Mike Adamshick took a conservative approach to his first Boston Marathon appearance.
“Boston is a bit challenging,” said Adamshick, a 37-year-old from Dallas who made his first visit to the Massachusetts city for Monday’s race. “The middle section of it has a lot of famous hills.
“You don’t want to go crazy. You wind up being a bit timid to make sure you have something left for the end. Never seeing the course before, you really don’t know until the end.”
Adamshick finished just fine. He completed the 26.2-mile run in 3:07:54 to place 2,520th overall out of 27,491 runners who started the 120th annual race.
A sixth-grade teacher at Lehman-Jackson Elementary School, Adamshick qualified for Boston by running under 3:10 – the cutoff for his age group – when he completed the 2014 Steamtown Marathon in 3:07:35. He has since run a career-best 3:04.34 at the 2015 Steamtown.
After three marathons in northeastern Pennsylvania, completing the Steamtown course from Forest City to Scranton, and one Baltimore Marathon appearance, Adamshick’s fifth marathon came in one of the world’s most famous running events.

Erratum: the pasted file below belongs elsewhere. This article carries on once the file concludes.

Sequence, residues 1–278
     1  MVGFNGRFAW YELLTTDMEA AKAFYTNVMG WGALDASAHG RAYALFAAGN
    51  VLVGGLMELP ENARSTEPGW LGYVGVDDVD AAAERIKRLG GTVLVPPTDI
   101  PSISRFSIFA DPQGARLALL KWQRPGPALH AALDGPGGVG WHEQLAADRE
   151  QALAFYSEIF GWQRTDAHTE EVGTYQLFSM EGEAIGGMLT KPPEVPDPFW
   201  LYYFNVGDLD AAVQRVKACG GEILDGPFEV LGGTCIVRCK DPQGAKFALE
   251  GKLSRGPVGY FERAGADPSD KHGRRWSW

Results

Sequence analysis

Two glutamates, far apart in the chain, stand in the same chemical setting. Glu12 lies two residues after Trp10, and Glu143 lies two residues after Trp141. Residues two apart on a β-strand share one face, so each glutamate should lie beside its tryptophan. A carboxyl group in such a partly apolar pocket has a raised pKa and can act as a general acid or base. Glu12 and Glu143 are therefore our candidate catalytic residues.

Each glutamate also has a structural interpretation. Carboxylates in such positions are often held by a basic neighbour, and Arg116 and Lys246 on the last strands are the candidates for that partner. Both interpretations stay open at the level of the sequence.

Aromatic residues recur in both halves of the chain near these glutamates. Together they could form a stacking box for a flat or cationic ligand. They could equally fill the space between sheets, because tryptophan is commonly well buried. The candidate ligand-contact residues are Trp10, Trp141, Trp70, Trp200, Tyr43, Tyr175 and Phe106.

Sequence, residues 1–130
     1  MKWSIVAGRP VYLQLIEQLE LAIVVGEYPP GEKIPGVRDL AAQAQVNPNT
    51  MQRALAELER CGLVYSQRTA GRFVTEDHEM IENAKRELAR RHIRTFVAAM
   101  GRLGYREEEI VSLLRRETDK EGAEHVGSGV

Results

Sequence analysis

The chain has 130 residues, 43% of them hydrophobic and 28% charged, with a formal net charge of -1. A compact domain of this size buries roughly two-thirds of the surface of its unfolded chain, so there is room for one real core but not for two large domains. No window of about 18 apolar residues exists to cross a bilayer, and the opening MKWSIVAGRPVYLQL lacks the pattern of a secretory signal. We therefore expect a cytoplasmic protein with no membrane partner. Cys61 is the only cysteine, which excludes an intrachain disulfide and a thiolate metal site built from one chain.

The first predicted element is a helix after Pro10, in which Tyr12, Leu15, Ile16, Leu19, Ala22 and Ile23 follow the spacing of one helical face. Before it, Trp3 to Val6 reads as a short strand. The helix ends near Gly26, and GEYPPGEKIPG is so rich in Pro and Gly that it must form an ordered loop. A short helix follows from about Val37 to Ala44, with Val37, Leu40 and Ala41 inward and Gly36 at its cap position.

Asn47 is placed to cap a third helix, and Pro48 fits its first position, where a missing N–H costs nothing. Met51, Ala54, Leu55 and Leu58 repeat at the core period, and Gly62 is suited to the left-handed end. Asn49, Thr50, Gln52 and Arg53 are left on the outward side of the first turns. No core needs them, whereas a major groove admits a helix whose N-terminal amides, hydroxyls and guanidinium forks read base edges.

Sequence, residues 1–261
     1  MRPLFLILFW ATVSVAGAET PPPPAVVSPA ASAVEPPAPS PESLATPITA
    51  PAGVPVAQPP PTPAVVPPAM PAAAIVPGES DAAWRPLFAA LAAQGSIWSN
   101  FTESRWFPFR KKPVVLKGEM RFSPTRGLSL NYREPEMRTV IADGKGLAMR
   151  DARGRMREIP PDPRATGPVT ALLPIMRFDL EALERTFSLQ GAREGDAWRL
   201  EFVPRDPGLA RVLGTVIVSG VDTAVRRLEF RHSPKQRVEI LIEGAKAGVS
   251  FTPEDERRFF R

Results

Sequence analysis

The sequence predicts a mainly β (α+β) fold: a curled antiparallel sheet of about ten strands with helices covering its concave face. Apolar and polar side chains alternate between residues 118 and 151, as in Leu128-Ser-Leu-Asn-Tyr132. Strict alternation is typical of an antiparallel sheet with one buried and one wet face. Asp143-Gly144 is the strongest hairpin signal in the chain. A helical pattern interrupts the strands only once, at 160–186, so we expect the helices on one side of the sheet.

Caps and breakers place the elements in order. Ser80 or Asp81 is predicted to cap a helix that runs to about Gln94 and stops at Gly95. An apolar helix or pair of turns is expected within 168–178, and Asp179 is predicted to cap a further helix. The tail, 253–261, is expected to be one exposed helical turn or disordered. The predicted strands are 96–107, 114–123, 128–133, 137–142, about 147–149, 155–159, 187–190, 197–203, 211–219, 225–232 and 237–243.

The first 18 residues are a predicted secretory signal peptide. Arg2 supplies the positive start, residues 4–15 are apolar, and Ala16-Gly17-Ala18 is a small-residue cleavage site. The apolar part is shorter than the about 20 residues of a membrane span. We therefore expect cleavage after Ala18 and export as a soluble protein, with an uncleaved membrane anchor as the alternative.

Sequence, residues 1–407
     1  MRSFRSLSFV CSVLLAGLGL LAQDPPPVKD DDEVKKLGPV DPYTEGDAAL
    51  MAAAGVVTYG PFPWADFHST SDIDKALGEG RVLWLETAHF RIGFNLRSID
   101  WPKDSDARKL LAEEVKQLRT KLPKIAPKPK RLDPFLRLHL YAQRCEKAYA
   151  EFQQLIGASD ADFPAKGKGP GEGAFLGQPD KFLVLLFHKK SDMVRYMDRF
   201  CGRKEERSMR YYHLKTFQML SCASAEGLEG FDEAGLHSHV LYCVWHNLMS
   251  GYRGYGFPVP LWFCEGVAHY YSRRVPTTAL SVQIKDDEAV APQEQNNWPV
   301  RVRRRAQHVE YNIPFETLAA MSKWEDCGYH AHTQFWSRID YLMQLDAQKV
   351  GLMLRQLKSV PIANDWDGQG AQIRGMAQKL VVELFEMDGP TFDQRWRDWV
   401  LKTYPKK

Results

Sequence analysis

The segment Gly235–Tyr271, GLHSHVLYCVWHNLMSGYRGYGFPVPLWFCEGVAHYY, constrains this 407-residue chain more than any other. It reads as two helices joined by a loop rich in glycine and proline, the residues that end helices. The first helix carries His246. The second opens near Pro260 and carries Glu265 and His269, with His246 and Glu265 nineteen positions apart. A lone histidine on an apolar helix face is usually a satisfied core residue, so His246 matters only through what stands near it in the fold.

“The whole experience was just overwhelming, coming from doing small races around here,” said Adamshick, who also competes in triathlons. “Steamtown is 3,000 people and this is like 30,000. It’s about 10 times bigger.
“You’re just running in a sea of people the whole time.”
Adamshick made his way through that sea faster than any of the other Back Mountain participants at this year’s race.
Marina Orrson, a 25-year-old from Shavertown, was the top Back Mountain female finisher.
Orrson, an assistant track and cross country coach at Lake-Lehman who wins several local events each year, finished in 3:10:28. She was the 269th woman to cross the finish line and placed 2,945th overall.
Among the other local finishers were: John Martino, 31, Dallas, 3:27:26, 6921st; Jessica Chesman, 43, Dallas, 3:39:13, 10,550th; Myron Sidloski, 65, Dallas, 3:57:12, 16,040th; and Joyce Foster, 61, Dallas, 4:25:36, 21,294th.
Adamshick traveled to Boston with his parents, wife and daughter. He said he may not have done the ideal pre-race preparation, with tourist interests leading to miles of walking around the city the two days before the race.
A return trip is possible.
Adamshick, who competed in other sports when he was younger, got involved in running and triathlons through encouragement from his wife, Kelly. Both Mike and Kelly have already met the qualifying standards in the timeframe necessary to run in the 2017 Boston Marathon.